There is a theory that a human being is an angel trapped in the body of an animal. According to this view, we achieve spiritual evolution through encouraging the angel and taming the beast. It is an appealing notion.
I can see our angels spreading their wings when we heal the sick, feed the poor, defend the wrongly accused or share whatever enlightenment we are able to find through the arts and religion. I can see the beast being tamed through scientific research designed to make the world healthier, greener and safer.
I used to include sports in this category, but now I am not so sure.
I used to see skill, grace, courage — even nobility — in sports, and I still do — sometimes. But increasingly, sports are becoming perverted to appeal to the animal in us. There is nothing angelic about putting two behemoths in a cage and staging an “ultimate fight,” or driving a poor race horse so hard that its legs snap like twigs, or pounding each other into bloody submission with our fists and pretending that’s “boxing” (or “hockey”).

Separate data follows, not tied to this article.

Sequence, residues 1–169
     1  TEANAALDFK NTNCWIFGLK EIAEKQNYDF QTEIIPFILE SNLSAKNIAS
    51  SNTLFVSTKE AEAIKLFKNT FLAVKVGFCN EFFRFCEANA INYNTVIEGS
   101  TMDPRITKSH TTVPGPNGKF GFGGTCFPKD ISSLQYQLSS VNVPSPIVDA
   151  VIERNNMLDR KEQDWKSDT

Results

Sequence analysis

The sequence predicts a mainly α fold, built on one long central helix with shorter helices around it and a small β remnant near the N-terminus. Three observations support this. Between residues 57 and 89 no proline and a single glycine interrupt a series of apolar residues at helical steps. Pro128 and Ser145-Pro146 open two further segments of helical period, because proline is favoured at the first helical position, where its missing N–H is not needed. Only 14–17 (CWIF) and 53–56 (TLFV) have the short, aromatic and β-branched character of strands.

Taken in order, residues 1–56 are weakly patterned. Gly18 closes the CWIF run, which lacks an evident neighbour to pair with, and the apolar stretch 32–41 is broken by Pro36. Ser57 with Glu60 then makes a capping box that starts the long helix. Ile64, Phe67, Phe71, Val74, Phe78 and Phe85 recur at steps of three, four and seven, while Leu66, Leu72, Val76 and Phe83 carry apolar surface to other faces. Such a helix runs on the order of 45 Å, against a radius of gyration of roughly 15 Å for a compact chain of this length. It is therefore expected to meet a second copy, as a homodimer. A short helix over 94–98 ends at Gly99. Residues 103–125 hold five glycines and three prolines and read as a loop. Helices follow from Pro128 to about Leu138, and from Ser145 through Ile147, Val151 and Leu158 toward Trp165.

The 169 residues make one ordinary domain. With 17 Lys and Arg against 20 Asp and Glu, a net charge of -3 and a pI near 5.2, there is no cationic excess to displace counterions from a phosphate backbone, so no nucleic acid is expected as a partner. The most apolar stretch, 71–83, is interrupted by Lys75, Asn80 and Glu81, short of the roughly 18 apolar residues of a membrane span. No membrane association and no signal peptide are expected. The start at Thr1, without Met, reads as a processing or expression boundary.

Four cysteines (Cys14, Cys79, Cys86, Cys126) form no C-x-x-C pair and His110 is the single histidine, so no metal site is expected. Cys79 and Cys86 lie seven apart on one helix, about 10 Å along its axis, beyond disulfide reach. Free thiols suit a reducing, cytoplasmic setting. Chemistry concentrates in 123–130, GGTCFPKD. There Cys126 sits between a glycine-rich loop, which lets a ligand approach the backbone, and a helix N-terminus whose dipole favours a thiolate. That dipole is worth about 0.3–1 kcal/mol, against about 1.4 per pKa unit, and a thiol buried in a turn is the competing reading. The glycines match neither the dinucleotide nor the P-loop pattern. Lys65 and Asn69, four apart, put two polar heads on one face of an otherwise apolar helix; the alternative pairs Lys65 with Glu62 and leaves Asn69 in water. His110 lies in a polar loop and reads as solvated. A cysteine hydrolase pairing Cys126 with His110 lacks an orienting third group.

And there is nothing noble about using steroids and other performance enhancing drugs that sacrifice our bodies to an obsession with winning.
The beast lurks in each of us, and by engaging in activities that degrade us or by watching entertainment that incites our blood lust, we risk releasing its ferocity. Eventually, our angel might give up and fly away.